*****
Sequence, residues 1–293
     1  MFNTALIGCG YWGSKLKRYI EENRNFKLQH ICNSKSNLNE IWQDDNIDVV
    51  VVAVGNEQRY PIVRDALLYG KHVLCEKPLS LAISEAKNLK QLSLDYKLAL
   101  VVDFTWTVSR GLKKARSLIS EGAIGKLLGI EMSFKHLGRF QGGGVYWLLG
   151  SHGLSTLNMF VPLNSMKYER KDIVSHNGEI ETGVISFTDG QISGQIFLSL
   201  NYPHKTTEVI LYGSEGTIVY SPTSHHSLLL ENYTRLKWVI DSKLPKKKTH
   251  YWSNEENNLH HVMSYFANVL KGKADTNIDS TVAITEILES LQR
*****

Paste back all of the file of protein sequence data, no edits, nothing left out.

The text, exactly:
Sequence, residues 1–293
     1  MFNTALIGCG YWGSKLKRYI EENRNFKLQH ICNSKSNLNE IWQDDNIDVV
    51  VVAVGNEQRY PIVRDALLYG KHVLCEKPLS LAISEAKNLK QLSLDYKLAL
   101  VVDFTWTVSR GLKKARSLIS EGAIGKLLGI EMSFKHLGRF QGGGVYWLLG
   151  SHGLSTLNMF VPLNSMKYER KDIVSHNGEI ETGVISFTDG QISGQIFLSL
   201  NYPHKTTEVI LYGSEGTIVY SPTSHHSLLL ENYTRLKWVI DSKLPKKKTH
   251  YWSNEENNLH HVMSYFANVL KGKADTNIDS TVAITEILES LQR